You didn’t say what search parameters you are using. Airbnb wants to match a guest with a host as quickly as possible so doing a generic search of all listings isn’t the same as a guest searching for “private room or entire place, under $60, 2 people, SH, IB, Air conditioning, private bathroom, Wi-fi, beachfront.” (which is what my search would look like).

My booking rate is 1.5% which seems low and although January was my slowest month since July (when I was out of town for 2 weeks) I still had half my days booked. That may change if I get some last minute bookings during this week. My best booking rate in the last year for any month was 2.5%. I get last minute bookings and I feel that the cheaper places book way ahead of me but I just sit here and wait, sometimes until 7 pm night of. By that time I suspect I may be one of only a handful of available places. Because supply is so high people can really wait now and get nice places and I know lot of folks lower prices so it pays to wait.

The View to Contact Rate is 3.84% for one room and 4.32% for the other
The Contact to Book Rate is 75% for one room and 100% for the other. (We do Instant Book which would explain these high rates).

That’s right. My interest was in how we would rank for a potential guest who was just browsing the destination without having anything specific in mind.

I build sites for other people - not for me. I rely only on Airbnb for generating interest and bookings. I do have a Facebook Page for the listings which directs bookings to our Airbnb specific URL.

‘may’ being the qualifier.

1 Like

I’m not sure how many people would search in that way. I sometimes browse through the world of Airbnb looking for some unique hidden gems but when I’m actually planning a trip I can’t search that way. Too many listings, too many people who don’t IB, too many dates not available because they are booked or blocked.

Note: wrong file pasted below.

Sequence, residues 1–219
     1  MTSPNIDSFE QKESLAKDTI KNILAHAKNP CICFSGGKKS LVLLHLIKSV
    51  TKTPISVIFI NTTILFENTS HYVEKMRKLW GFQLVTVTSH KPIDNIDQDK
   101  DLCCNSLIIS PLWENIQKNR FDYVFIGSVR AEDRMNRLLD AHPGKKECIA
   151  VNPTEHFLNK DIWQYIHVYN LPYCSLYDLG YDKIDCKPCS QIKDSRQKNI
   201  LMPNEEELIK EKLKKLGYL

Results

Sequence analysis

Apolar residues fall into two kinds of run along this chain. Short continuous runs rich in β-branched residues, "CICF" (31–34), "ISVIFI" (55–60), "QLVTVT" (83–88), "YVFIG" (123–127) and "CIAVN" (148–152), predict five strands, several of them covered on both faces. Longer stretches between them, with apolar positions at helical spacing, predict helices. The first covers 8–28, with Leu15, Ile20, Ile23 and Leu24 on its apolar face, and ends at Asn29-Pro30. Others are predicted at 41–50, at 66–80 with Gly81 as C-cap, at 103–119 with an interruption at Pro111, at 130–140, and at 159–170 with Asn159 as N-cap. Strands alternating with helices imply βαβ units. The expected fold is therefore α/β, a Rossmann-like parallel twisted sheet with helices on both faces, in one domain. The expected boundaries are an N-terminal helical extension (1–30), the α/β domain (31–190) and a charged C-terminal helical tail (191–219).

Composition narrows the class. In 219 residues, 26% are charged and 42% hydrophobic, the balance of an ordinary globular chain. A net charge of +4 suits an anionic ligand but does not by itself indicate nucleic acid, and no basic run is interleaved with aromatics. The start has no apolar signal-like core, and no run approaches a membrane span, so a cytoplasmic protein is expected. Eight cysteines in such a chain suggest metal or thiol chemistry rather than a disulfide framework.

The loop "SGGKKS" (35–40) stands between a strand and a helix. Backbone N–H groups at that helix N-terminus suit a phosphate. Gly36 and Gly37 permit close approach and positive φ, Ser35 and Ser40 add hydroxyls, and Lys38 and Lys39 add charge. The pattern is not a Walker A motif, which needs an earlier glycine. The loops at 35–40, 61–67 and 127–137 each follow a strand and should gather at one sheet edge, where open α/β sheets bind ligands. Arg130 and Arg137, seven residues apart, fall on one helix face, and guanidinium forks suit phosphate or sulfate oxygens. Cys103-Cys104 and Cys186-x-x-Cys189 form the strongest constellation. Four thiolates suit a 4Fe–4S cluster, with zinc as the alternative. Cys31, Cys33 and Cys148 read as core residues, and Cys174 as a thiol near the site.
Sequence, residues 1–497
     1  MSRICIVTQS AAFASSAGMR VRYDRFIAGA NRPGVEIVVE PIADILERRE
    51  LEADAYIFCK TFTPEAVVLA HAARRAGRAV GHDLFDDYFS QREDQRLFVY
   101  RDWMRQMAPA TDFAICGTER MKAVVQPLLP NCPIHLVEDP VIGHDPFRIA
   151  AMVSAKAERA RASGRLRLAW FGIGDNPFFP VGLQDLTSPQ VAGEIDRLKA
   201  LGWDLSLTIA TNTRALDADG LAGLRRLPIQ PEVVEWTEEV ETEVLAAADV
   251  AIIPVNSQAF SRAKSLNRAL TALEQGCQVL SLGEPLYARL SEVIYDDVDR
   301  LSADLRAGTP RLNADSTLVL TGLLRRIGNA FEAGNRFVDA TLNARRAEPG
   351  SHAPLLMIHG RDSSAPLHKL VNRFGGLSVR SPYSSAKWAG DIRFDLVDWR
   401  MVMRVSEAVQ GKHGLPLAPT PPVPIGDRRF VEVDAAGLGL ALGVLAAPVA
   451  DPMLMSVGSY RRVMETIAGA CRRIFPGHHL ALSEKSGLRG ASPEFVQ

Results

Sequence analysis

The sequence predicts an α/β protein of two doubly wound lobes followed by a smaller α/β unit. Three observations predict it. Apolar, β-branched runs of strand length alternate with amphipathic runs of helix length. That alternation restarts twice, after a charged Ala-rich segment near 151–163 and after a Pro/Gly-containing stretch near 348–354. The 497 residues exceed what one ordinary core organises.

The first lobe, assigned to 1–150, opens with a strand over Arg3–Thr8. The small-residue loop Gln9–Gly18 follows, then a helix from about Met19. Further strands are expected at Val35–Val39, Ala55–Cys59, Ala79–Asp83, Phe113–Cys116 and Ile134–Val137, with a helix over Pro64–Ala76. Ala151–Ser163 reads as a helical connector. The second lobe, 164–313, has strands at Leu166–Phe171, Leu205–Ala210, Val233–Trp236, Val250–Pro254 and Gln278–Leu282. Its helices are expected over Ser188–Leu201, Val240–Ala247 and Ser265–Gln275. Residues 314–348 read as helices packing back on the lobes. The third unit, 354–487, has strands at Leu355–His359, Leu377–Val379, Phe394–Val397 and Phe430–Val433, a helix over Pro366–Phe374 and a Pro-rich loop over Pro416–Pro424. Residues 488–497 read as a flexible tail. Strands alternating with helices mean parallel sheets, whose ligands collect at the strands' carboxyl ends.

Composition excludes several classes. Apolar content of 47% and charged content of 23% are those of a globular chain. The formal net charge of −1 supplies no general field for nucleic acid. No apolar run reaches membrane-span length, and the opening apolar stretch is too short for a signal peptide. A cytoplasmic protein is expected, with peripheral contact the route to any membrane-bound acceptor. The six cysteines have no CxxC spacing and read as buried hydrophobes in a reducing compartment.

If you’ve used Airbnb as a guest you know how hard it can be to search.

It is hard to guess what factors are contributing. It seems that you have IB on. Are there additional requirements that you have on IB, other than default? If so, some of those could be limiting potential views.

For instance, I there is a requirement that bundles together “guests without reviews” AND “guests without negative reviews”. IMO, this is stupid. I gladly allow guests without reviews. I would LIKE to prevent guests with negative reviews from IB - but it does not work that way.

So … I simply allow everyone to IB. And look at them afterward and msg them, to see if there are red flags.

Was the drop-off before your terse call? If so, then perhaps that is unrelated, but who can be sure. It is disturbing that a host with so many great reviews would have such poor visibility.

Ours is below what we would like also, but this time of year is on the slow side for our area.


We have two listings. Both are IB. I hadn’t realised that I had checked the “Require guests to have recommendations from other Airbnb hosts and no negative reviews.” option on one of the listings. I have now removed that. And before anyone asks how that may have affected the rankings - I failed to notice which one it was !!! :disappointed:

For the same reason any application captures what it needs or wants. In the case of Airbnb for example, it may be to provide prices in the local currency. In our case here in Australia, if we enter into an incognito browser window it usually re-addresses the URL to

1 Like

When I search for my listing I use and incognito window AND turn on my VPN that changes my IP address to another (U.S.) one. I think this disguises me enough?

This is what I see in Cairns, Australia using Chrome Incognito with no VPNs, proxies or other obfuscating IP strategies doing a Miami, Florida search. No dates, no filters of any kind.

Interesting that the first listing is a 3.83 !!! Go figure. Hope they’re not on the forum??